Interview: Corey Glover, Living Colour


Here I am sitting in the relative splendor of Living Colour's hotel suite. Opposite me is the band's actor-cum-singer, Corey Glover, now shorn of his once impressive beaded dreads. He doesn't look too pleased.

"Before we start, I must dispel the belief that Vernon Reid is the be-all and end-all of Living Colour. That's not to say his contribution is not great, but it's not any greater than anybody else’s contribution to the band."

It appears that Mr. Glover is more than just a mobile vox box.

"A lot of these songs have gotta have something in there that I can relate to, in order for me to want to sing them at all. I don't want to sing songs that I don’t understand. So, on this record a lot of these songs, lyrically, are written by me because it makes more sense to me."


The record he’s referring to is their LP, entitled Stain. It’s their most in-yer-face and personal effort yet and in stark contrast to their last LP Times Up, which despite holding some of their best ever songs was panned in some quarters for being musically over complex and just a little preachy and self-righteous in its lyrical content. Something that wasn't lost on the band admits Glover.

"We've never ever considered ourselves that way. Obviously people get this perception from the rhetoric that we give out. But we don't give a fuck about that kinda thing. Our brows are not always knitted thinking about how we're gonna solve the world's fucking' problems!"

Bi is one of the new songs that highlights their lighter side whilst making a few points about the fucked-up nature of bi-sexuality.

"No man I know is gonna actually admit this, but the only reasons their male friends are their friends is because they find them attractive in some sort of sexual way," he says with a knowing smile. "It may not be overt, it may not be 'oh, he's got a nice ass and I think he's cute,' but the reasons why you find people attractive, and why you have friends, and why you interact with people are the same reasons why you find other people sexy."

If there's a theme running through the record then it's that of the outsider, the misfits in this life, as dealt with in songs like This Little Pig and Auslander. Furthermore the LP’s title could be viewed as a metaphor for the imperfections in all of us. Auslander, the German word for foreigner, doesn't deal with the re-emergence of right-wing extremism in Deutschland and its victims. No, it's less specific and more subtle than that.

"A song like Auslander is about different things," explains Glover. "It's taken from the point of view of somebody who would be considered an Auslander and just giving their perspective. Y'know, Western society's whole philosophy is that the only way you can put and bring yourself higher is on the back of somebody else. And that’s a known fact!"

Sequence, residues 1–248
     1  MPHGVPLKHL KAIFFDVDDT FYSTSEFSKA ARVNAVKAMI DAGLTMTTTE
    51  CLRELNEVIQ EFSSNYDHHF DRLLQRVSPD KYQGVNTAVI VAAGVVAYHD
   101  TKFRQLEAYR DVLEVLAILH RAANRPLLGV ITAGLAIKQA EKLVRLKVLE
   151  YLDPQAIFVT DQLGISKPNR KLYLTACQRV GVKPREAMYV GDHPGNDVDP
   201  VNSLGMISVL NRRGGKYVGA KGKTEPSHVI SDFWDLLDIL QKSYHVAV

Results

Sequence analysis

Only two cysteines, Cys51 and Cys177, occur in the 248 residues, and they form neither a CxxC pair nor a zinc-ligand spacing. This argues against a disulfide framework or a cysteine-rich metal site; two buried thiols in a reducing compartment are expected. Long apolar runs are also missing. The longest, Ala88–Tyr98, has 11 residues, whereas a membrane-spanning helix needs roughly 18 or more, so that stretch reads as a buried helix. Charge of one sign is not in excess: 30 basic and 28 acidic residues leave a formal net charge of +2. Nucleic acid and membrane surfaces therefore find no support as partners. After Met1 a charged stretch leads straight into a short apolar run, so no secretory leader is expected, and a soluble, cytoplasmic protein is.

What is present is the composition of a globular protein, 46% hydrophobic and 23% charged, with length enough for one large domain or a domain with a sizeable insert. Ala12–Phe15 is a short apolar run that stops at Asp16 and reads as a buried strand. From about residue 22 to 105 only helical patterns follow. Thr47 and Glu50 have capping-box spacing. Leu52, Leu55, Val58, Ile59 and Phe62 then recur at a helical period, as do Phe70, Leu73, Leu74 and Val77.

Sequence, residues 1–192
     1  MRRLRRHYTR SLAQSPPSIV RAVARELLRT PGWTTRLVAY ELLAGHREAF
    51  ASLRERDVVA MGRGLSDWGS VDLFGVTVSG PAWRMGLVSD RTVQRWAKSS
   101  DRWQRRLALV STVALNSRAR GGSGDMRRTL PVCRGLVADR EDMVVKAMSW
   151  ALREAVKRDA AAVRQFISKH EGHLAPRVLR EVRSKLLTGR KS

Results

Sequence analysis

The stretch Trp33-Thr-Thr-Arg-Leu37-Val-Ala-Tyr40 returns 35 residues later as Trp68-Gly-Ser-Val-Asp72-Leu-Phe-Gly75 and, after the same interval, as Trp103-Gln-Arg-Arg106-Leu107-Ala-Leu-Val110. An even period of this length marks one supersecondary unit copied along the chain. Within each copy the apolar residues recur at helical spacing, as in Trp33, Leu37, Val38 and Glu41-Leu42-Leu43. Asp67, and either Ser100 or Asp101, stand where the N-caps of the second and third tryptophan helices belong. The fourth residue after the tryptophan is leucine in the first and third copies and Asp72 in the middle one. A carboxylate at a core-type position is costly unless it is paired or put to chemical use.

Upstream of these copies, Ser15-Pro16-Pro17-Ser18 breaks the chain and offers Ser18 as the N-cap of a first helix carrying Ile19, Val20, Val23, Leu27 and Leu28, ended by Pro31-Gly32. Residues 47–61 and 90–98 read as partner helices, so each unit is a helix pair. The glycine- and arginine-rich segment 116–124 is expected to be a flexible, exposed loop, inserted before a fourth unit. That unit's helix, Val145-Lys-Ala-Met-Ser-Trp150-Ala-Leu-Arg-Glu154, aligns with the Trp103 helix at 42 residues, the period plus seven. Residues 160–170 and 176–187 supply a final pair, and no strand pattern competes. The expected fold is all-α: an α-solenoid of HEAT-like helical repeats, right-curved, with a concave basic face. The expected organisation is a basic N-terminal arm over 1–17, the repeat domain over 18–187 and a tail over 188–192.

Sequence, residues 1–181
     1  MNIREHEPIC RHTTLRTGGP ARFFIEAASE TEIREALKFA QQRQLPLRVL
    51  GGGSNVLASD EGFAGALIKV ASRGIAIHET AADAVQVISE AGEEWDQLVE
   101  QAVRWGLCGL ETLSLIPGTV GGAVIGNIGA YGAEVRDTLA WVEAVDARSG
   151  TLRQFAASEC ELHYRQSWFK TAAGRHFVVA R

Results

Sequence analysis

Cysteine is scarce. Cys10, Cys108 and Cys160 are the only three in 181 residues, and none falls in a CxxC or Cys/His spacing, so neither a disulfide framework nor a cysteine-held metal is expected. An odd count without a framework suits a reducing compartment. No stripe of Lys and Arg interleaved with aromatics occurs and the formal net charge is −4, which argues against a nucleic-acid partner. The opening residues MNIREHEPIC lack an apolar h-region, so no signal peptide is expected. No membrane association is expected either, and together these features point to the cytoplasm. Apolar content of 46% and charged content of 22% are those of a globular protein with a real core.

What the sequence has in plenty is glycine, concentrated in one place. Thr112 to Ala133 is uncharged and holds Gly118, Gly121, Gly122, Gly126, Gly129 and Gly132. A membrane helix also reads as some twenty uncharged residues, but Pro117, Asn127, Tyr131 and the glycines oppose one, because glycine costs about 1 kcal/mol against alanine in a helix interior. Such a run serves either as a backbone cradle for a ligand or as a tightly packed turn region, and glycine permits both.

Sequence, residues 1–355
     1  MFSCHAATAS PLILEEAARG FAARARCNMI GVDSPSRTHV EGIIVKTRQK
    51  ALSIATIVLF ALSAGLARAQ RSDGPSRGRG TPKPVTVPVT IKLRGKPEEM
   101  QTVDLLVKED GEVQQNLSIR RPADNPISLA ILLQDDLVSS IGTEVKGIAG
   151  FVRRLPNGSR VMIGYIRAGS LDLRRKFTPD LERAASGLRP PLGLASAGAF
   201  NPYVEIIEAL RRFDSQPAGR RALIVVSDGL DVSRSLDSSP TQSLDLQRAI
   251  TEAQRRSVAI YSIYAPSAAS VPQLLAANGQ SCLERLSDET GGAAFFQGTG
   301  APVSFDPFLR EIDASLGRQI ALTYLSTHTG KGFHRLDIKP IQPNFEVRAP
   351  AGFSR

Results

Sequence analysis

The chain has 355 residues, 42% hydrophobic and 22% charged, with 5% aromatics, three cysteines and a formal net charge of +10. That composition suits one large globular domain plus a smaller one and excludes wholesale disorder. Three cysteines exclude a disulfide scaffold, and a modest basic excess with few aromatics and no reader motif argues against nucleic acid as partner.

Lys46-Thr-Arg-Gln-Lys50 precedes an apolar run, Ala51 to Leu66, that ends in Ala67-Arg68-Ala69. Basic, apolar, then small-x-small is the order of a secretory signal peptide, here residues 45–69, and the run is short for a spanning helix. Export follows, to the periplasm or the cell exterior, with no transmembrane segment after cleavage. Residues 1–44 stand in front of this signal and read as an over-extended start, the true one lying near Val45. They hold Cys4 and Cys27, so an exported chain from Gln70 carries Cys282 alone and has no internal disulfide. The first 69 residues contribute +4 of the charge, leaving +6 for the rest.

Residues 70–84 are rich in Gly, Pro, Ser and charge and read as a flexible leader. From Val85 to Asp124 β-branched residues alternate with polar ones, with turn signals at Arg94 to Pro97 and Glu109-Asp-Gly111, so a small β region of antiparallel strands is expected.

One song that really glistens, both in a lyrical and musical sense, is Nothingness. Sparse and ethereal, it simultaneously creates a mood of dark, introspection and a feeling of wonderment.

"It's to do with the fact that one day you're gonna die. I'm sure it kinda fucks with everybody. Y'know, it just makes you feel like, what's it worth? why am I doing it?"


Before my senile brain forgets, I should mention a new addition to the Living Colour family, ex-Tackhead bassist Doug Wimbish, who’s replaced the departed Muzz Skillings. Wimbish’s dexterous, manic style dovetails neatly into the band’s hard-assed funk metal, particularly on songs like Wall and the Ministry-influenced instrumental WTFF. But Corey, why did Muzz leave in the first place?

"We got to a point where the relationship, to all outward appearances, had some things that were right about it, but there was maybe one thing that was wrong, and unchecked. It got bigger and bigger – it got to be more of a problem. And it's just a matter of concepts, what his concept was and what our concept was, and the two didn't mesh. But we worked well together."

For most successful bands with a new record out, so much time is spent on promotion and touring that a normal relationship with someone can be impossible. For Glover, it's no exception.

"Oh yeah, I've lost many a girlfriend over this industry because no one comes before my career. You have to be a very special person in order to understand that."

Corey Glover, looking for the ideal girl in an imperfect world.

Mark Liddell
Riff Raff
June 1993

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